Frequently asked questions around Git and Version Control.
Git Interview Questions - The essential list, including answers
It doesn't matter on which side of the table you're sitting: good preparation is essential for an interview on Git and version control! Here's our compilation of the most important interview questions about Git, including extensive answers.
The Git Cheat Sheet
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Git is a so-called "distributed" version control system. What's the difference to a "centralized" one?
Subversion is an example for a centralized version control system: all team members work towards a single central repository, placed on a remote server. A "checkout" from this central repository will place a "working copy" on the user's machine. This is a snapshot from a certain version of the project on his disk.
In Git, a distributed version control system, things work a little differently. Instead of a "checkout", a Git user will "clone" a repository from a remote server. In return, they receive a full-fledged repository, not just a working copy. The user then has their own repository on their local machine - including all of the project's history.
You can do everything on your local machine: commit, inspect history, restore older revisions, etc. Only if you want to share your work with the world will you have to connect to a remote server.
What is "bare repository" in Git?
Remote repositories in Git should be set up as "bare" repositories. Technically, a remote repository doesn't differ from a local one: it contains branches, commits, and tags just like a local repository.
However, a local repository has a working copy associated with it: a directory where some version of your project's files is checked out for you to work with.
A remote repository doesn't have such a working directory: it only consists of the bare ".git" repository folder.
What is the difference between "fetch" and "pull"?
git fetch really only downloads new data from a remote repository - but it doesn't integrate any of this new data into your working files. Fetch is great for getting a fresh view on all the things that happened in a remote repository.
git pull, in contrast, not only downloads new data; it also directly integrates it into your current working copy files. You can think of pull as a combination of fetch and merge (or, alternatively, rebase).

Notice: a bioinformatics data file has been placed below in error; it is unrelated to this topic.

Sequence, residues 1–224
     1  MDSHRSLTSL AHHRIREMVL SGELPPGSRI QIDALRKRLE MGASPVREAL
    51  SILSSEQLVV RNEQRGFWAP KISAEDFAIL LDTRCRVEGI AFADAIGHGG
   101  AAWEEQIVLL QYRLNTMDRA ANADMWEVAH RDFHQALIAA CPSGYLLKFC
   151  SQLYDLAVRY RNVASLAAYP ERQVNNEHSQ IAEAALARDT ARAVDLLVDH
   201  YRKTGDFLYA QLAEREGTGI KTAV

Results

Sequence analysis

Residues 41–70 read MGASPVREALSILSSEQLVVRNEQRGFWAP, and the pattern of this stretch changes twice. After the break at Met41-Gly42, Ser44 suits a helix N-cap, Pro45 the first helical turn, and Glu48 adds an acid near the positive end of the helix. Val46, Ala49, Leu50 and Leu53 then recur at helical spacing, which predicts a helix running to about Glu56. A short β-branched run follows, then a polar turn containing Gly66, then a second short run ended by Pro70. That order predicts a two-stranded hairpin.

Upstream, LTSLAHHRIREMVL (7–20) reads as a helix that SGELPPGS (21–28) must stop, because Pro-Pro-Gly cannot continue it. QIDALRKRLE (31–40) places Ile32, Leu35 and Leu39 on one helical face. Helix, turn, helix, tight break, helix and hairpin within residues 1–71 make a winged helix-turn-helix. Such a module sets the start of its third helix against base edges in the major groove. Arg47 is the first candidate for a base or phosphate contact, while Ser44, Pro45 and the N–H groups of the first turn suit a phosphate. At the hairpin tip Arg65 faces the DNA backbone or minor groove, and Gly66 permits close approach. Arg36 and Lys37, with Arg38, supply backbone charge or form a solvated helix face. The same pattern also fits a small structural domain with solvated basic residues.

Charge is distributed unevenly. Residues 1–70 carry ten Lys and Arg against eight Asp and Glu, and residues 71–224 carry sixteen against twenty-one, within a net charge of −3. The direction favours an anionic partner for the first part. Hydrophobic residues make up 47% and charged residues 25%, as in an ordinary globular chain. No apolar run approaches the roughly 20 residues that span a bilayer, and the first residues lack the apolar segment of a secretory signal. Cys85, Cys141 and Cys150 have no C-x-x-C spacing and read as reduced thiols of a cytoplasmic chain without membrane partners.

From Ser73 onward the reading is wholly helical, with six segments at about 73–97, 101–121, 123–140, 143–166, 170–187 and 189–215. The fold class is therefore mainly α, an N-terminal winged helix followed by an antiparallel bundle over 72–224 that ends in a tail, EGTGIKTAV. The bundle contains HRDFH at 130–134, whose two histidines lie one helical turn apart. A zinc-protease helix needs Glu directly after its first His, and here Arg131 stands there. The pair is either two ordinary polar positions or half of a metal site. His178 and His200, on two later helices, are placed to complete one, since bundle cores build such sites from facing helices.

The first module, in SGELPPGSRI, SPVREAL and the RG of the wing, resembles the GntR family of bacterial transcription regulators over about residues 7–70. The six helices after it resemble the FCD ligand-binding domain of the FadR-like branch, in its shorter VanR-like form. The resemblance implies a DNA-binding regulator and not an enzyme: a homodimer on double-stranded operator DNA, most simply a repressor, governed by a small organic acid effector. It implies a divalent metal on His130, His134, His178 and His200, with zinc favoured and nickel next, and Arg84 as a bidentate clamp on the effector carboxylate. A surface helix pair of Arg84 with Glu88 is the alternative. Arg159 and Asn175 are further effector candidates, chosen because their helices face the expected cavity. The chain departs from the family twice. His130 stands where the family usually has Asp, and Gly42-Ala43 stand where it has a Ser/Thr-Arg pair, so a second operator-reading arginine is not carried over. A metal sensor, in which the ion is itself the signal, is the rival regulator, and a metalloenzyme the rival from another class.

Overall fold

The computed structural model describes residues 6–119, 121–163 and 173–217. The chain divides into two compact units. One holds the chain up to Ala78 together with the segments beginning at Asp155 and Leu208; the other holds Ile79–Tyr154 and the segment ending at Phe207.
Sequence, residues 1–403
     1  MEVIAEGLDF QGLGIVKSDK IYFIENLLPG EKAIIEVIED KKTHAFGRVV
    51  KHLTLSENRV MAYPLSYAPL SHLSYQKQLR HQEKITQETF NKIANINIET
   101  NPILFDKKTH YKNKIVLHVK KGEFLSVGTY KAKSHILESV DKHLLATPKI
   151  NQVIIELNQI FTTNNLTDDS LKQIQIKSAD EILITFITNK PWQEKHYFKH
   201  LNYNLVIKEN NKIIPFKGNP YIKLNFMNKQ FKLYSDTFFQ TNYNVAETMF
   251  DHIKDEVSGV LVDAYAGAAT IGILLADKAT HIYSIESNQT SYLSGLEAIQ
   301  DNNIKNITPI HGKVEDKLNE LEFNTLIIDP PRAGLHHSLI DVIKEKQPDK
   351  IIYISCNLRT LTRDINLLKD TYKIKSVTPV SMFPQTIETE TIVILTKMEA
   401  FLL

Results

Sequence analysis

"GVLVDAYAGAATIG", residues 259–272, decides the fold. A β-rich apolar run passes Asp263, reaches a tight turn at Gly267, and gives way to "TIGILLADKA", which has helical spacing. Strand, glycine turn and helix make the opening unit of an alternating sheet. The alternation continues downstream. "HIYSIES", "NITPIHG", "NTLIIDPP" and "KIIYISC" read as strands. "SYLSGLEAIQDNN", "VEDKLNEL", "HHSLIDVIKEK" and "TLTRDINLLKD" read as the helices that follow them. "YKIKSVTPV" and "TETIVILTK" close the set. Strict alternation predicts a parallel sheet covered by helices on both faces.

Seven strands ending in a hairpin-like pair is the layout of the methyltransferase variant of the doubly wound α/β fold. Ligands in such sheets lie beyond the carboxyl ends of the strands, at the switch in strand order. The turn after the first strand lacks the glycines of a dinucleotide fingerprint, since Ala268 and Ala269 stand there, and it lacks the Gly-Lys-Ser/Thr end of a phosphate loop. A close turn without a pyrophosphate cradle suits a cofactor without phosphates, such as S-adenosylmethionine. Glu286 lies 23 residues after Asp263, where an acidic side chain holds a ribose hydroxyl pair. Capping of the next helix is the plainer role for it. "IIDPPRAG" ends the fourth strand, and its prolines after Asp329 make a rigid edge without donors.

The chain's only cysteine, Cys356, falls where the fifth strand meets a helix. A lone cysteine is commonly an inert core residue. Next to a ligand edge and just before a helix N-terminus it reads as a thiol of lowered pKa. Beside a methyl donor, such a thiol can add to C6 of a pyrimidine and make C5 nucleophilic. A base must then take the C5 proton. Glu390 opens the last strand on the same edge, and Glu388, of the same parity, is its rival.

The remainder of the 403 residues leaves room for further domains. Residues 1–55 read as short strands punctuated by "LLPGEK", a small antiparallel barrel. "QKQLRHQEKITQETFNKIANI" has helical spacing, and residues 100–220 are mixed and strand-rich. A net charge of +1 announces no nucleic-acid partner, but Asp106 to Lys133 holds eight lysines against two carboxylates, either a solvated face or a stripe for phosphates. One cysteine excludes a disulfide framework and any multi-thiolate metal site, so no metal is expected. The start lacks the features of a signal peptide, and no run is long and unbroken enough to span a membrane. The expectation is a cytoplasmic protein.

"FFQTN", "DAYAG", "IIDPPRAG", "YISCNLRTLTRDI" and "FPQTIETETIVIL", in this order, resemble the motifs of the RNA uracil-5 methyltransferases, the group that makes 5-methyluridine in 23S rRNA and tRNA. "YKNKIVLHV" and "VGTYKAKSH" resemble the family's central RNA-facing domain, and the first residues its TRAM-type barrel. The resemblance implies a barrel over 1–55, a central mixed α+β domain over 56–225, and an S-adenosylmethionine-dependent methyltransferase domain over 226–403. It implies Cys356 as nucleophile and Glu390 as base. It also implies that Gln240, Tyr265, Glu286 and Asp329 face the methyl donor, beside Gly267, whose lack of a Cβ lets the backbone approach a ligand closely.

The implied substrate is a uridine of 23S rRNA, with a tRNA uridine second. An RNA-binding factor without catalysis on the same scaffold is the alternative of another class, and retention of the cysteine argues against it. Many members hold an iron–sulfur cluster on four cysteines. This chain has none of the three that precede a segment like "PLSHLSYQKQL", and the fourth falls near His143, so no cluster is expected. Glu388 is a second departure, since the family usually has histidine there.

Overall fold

What is a conflict in Git?
In Git, a conflict can occur in a couple of different situations: most commonly while performing a "merge" (but possibly also when rebasing or pulling).
In most cases, Git will figure out how to integrate new changes on its own. However, there's a handful of situations where the user might have to step in and tell Git what to do.
Most notably, this is when the same lines in the same file were changed - or when one person decided to delete the file while the other person decided to modify it. In any of these cases, Git simply cannot know what is correct. Git will then mark the file as having a conflict. The user will have to solve these conflicts before they can continue their work.
Solving Conflicts in Tower
In case you are using the Tower Git client, its visual Conflict Wizard will help you solve merge conflicts more easily:
What is a "detached HEAD" in Git? Why is it considered a "dangerous" state?
Almost always when you check out a revision in your repository, you do this by mentioning a branch's name: you tell Git to make this branch your current HEAD branch. However, instead of checking out a branch, you can also choose to check out a specific commit or tag.
By doing this, you have put your local repository in a "Detached HEAD" state: the HEAD pointer is not on a branch, but on a specific revision.
If you create additional commits in this state, they will not be associated with any branch (since no branch is currently checked out). In such a scenario, it's very easy to lose new commits.
What is the "Stash" in Git? In what situations can it be helpful?
The Stash can be described as a "clipboard" for uncommitted local changes. Putting your local changes on the Stash will result in a clean working copy, i.e. you have no more local changes.
Such a "clean working copy" state is an important prerequisite for many actions in Git: e.g. before switching branches, pulling from a remote, or merging changes, you should always make sure to have a clean working copy without any local changes.
Changes that were stored on the Stash can be restored later in your working copy, at any time. You can create as many Stashes as you want; you're not limited to storing only a single set of changes.
How can you restore a previous version of your project?
The git reset command is perfect for this task: you can provide the SHA-1 hash of the commit you want to return to and thereby restore the project to that revision's state.
You committed a file and only later noticed that it actually should have been "ignored". How can you solve this?
Git only ignores "untracked" files (these are files that haven't yet been committed to the repository). If a file was accidentally committed to the repository and shall then be ignored, you have to first untrack it; this can be done, for example, by moving it out of the repository temporarily so Git considers it "deleted". After confirming this "deletion" in a new commit, you can then move the file back and add it to the project's .gitignore list.